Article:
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I always used to say that the best way to expose bad content was with “good SEO.” That’s because stuffing keywords and links into content was accepted by many as the way to tame the Google monster and punch a ticket to the top of search rankings.
I never understood that mindset, and it frustrated me as a copywriter, because if people get to your content and discover that your content is useless drivel, what’s the point?
Deep down, I guess we all would like to think we could beat the system, at least in some small way. Whether that means figuring out a way to get free shipping, discovering a tax loophole, or taking some backdoor approach to the top of search rankings, the inner hacker in all of us loves being able to exclaim, “Ha! Take that! I win!”
Thanks to the recent Panda and Penguin updates from Google that emphasize content quality, that approach isn’t necessary. Actually, that approach will get you in hot water with the search gods.
But science is still involved. And many who are still obsessed with beating the system somehow fail to realize that those who read the content – visitors, readers, users, prospects, whatever you choose to call them – are actually real people.
Instead of writing for search engines and algorithms, write for people.
Less Einstein. More Oprah.
Now you don’t have to give everybody in your reading audience a car. But you don’t have to split the atom either.
The most successful content doesn’t have the most keywords or links. Great content touches people. It speaks their language. It makes an emotional connection by appealing to the wants, needs, problems, frustrations, passions, joys, sorrows and values of real people.
When your write for science, you get e=mc2. When you write for people, you get laughter, tears and maybe even jumping on the couch.
Which do you think is better for your business?
Keywords are still important, but they should be delicately and seamlessly integrated into your content.
The best marketing “fits in” to someone’s lifestyle. When well-targeted and properly executed, marketing is welcomed as part of someone’s routine, a routine in which people value and pay attention to what matters most to them.
The same principle is true for keywords.
A keyword that’s unnaturally forced into content has the effect of a speed bump. It’s jarring. Uncomfortable. Awkward. Distracting. Much like a speed bump disrupts the flow of your ride, forced keywords disrupt your content.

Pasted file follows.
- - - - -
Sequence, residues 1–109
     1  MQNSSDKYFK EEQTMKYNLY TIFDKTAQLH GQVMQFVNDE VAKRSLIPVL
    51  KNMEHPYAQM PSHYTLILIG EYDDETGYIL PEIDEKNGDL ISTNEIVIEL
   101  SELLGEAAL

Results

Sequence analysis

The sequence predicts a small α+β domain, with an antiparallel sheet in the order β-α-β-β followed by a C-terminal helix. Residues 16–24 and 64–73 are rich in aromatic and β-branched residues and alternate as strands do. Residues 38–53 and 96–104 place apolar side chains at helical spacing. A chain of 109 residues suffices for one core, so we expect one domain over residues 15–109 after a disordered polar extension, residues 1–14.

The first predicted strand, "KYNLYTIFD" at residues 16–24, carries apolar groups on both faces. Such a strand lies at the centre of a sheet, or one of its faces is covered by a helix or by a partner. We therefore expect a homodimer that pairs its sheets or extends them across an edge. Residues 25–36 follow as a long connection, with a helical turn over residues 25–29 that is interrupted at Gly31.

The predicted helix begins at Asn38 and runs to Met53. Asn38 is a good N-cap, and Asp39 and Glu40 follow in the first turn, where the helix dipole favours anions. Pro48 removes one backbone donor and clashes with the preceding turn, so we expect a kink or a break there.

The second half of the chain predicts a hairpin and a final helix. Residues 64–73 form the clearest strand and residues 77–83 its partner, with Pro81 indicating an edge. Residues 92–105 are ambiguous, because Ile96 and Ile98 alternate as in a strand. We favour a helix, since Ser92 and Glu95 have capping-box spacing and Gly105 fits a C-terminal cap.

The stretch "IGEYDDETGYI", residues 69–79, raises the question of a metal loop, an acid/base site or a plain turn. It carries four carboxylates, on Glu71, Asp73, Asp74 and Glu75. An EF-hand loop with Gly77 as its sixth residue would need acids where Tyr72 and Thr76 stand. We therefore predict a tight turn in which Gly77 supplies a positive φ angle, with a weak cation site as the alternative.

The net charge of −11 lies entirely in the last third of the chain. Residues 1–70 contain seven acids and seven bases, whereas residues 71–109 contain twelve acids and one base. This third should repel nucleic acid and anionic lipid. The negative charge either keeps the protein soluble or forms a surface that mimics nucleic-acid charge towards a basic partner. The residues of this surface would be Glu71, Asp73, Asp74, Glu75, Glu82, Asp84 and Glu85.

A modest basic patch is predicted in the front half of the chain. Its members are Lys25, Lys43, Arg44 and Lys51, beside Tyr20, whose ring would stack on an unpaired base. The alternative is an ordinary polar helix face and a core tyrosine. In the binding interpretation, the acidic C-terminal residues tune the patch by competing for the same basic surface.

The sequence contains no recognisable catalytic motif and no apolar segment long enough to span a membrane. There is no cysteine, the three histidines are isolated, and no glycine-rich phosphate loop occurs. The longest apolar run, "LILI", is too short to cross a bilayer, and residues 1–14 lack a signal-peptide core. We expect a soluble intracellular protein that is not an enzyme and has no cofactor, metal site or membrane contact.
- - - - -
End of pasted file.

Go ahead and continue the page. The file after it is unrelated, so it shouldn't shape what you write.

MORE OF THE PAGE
Any disruption to the flow of your content gives the reader an excuse to check email, see who that text is from, read the newest batch of Tweets, or see who just posted pictures of their kids on Facebook.
Keywords forced into content for the sake of fueling a search engine give people a reason to stop reading your content. And it usually sounds ridiculous.
My advice? When you write content – with all due respect to the brilliant Einstein – forget about science and algorithms. Stop trying to the beat the system. Panda and Penguin are proof that the system is always evolving anyway.
After you’ve done your homework and you truly understand your target audience, focus only on how you can enrich the lives of real people. Channel your inner Oprah.
That doesn’t mean your content has to be warm and fuzzy. It just has to make an emotional connection with your target audience, whether that audience is soccer moms or truck drivers.
Read your content out loud. If it doesn’t sound like the way a real person would speak in a real conversation, rewrite it so it does.
Once your content is written, you can always go back and strategically sprinkle in keywords and links if necessary without compromising the quality of your content. If you’re not sure how to do this yourself, invest in someone who can do it for you.
This is the way you develop content that people like, want, use, share and remember. And it’s the real ticket to success, both in search and your bottom line.
In the interest of full disclosure, I’ve probably watched Oprah about 10 times in my life, although I’ve seen her episode on 30 Rock a few times (“Liz Lemoooooooon!”). But it doesn’t take an avid fan to know Oprah built her empire in large part by making emotional connections with people. And she’s worth about $2.7 billion. I rest my case.